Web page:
[Review] Spectral: This is why you should never take yourself too seriously
When I first heard of Spectral, I was excited. Billed as a grittier version of Ghostbusters set in a Black Hawk Down-esque setting, it looked like it had all the makings of an intriguing action film.
And indeed, the opening moments of the film looked promising as well, leaping straight into the fray with a lone Delta forces soldier stranded amidst some anonymously smoldering ruins.
Later on, we find out that it’s actually Moldova, some suitably remote Eastern European country whose history you can distort without anyone really noticing.
But so far so good, right? Said soldier gets killed in action by a mysterious spectral entity that can only be viewed through special goggles (we never really find out what he was there for), and we’re given a fairly juicy premise for the rest of the movie to build on.
Unfortunately, it only goes downhill from there. We’re barely introduced to the character of DARPA engineer Mark Clyne, before he’s flown out to Moldova to consult on these ghostly sightings. See, he designed those futuristic goggles, so the army’s flying him out to assess what exactly is causing these strange apparitions.
Turns out people have been turning up dead, with their internal organs frozen but their skin scorched. No one knows what’s causing it – CIA officer Fran Madison thinks it’s some advanced cloaking technology used by Moldovian insurgents, but Clyne isn’t so sure. He waxes philosophical about how everyone is biased and more evidence is needed when pressed for an answer, and so they set out to take better pictures of these wee ghosties with some giant ass camera.
Predictably, the mission goes to hell, and most of the squad is taken out by these spectres that quite literally kill by touch (no really, they just run into you and that’s that). We’re treated to some quite frankly thrilling scenes of these apparitions swooping through hapless warm bodies, but if I’m being honest, that’s all the show really offers.
In an abandoned factory, they find a couple of young children – a brother-sister pair that tells them that these spirits, or “aratare” as the locals call them, are lost souls who are trapped in a limbo between life and death. Maybe that’s supposed to be some thinly veiled statement on the horrors of war and how it disturbs the peace, or maybe not.
Either way, things quickly fall apart again, but not before everyone has the chance to cobble together some iron filing grenades. Apparently, iron filings stop the aratare, and everyone races through the streets to a certain rendezvous point while lobbing iron bombs at the ghostly locals.
More casualties are taken, one of the kids dies, and Clyne dramatically slams a belt of iron grenades onto the ground and disperses a ton of the stuff in the vicinity. Clearly, we’re meant to think of him as having saved the day from the encroaching masses, but Spectral manages to spoil the moment by having him sit dumbstruck on the floor and needing to be carried off like a child.
Seriously though, where are all the civilians? And these entities went from being occasional sightings to a veritable horde. Is there a breeding ground somewhere?
That said, all these details wouldn’t matter if Spectral managed to deliver a satisfactory ending (it does not). At a refugee bunker somewhere, we’re told that the aratare have overrun the main US base, and all the survivors are now stuck in the same bunker (boohoo).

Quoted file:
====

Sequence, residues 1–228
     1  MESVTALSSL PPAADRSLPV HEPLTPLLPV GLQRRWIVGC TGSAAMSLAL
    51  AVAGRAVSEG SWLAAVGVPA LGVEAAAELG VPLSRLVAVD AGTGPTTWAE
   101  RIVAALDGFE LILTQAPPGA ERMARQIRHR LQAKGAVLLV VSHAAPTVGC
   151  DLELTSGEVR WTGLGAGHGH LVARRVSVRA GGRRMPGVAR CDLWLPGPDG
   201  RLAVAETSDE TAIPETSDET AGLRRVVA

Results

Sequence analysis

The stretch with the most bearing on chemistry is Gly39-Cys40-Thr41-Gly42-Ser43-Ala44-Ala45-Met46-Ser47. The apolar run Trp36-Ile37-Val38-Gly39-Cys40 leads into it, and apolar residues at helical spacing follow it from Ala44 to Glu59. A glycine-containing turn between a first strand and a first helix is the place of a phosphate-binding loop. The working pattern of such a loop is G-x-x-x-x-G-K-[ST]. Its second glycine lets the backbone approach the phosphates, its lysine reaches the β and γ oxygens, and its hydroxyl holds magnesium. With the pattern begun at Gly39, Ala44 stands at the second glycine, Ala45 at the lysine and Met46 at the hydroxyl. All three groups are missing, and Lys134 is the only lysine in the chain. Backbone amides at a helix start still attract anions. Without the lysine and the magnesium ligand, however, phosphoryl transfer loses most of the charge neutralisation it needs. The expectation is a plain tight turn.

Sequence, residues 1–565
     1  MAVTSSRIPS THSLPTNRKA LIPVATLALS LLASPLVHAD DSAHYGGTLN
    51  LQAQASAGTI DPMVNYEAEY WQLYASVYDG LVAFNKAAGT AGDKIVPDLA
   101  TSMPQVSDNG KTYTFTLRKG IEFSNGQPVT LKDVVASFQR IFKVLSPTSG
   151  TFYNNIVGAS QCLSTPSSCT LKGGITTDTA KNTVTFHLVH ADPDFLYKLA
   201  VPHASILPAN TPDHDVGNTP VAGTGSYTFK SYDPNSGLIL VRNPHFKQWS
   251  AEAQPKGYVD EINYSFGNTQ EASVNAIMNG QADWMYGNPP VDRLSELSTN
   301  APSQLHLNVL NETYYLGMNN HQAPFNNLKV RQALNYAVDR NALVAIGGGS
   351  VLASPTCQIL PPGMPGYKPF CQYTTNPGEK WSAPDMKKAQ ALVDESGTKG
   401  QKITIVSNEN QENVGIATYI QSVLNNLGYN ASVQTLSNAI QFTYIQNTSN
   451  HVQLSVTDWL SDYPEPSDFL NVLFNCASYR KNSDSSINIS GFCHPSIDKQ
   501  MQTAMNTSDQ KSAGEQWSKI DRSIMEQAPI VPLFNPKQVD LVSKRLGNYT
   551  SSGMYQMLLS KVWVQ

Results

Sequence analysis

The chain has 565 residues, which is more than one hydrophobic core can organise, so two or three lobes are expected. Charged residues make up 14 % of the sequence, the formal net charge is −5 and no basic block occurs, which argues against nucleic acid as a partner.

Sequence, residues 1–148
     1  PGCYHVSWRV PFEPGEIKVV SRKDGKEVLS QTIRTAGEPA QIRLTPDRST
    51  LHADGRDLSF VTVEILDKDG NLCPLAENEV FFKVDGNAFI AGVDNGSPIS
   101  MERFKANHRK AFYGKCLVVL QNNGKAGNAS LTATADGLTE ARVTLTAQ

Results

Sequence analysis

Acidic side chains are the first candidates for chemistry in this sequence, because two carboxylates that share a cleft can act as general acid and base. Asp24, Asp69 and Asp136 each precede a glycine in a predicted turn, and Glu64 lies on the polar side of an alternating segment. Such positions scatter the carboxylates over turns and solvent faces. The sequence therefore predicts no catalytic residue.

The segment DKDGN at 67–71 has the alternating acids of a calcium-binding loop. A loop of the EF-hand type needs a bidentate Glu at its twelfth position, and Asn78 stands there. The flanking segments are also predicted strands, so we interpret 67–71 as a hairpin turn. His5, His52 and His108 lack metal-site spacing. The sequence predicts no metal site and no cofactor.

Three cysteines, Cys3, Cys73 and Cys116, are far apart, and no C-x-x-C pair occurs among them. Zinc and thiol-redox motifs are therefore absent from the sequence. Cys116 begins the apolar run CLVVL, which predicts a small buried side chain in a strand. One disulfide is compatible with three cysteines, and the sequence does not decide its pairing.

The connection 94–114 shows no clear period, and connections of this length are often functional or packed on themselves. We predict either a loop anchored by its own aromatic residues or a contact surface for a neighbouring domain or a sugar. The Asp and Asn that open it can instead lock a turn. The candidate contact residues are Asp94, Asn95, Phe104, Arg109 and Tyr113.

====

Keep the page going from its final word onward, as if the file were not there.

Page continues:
Out of the blue, Clyne has a moment of revelation as to what the aratare really are, that is, not actually ghosts. He spews more scientific explanations about how they’re something called Bose-Einstein condensate, and how he can now make weapons to stop them (yay, weapons upgrade!).
This scene is ample demonstration of one of Spectral's greatest weaknesses – it is so preoccupied with the hard science that it just ends up sounding silly. There's nothing wrong with basing your film on science, but when your movie involves ghostly forms terrorizing a city, it's probably best to lay off on pretending that there's a reasonable explanation for it.
Basically, they're weapons of war, which seems a far more mundane explanation than restless spirits. Up till this point, Spectral has also failed to give any of its characters a semblance of depth beyond genius scientist and concerned CIA officer. What is Clyne’s backstory? Does he have any family? Don't know. Don't care.
Nevermind interesting logic gaps like how a beat-up refugee bunker has all the hardware required to build high-tech weaponry in what seems a matter of hours. Spectral plays out like a line ar video game, where better upgrades automatically become available as you progress through the storyline, eventually culminating in a final boss fight.
The entire party troops off to where all the aratare originally spawned, and a huge climactic battle ensues. This really consists of the US forces duking it out on the roof of some sort of power plant, while Clyne and Madison delve into the building to shut down the aratare once and for all. This involves literally pulling out a bunch of cables. from some large, menacing contraption (how crude).
I’ll just let the screenshots below do the talking:
All in all, Spectral makes for good entertainment, but the special effects and promising premise ultimately fail to make up for the thin story, convenient saves, and characters that have all the depth of stick figures. A touch of levity might have redeemed it, but its self-important gravitas results in a tired action film with zero emotional impact.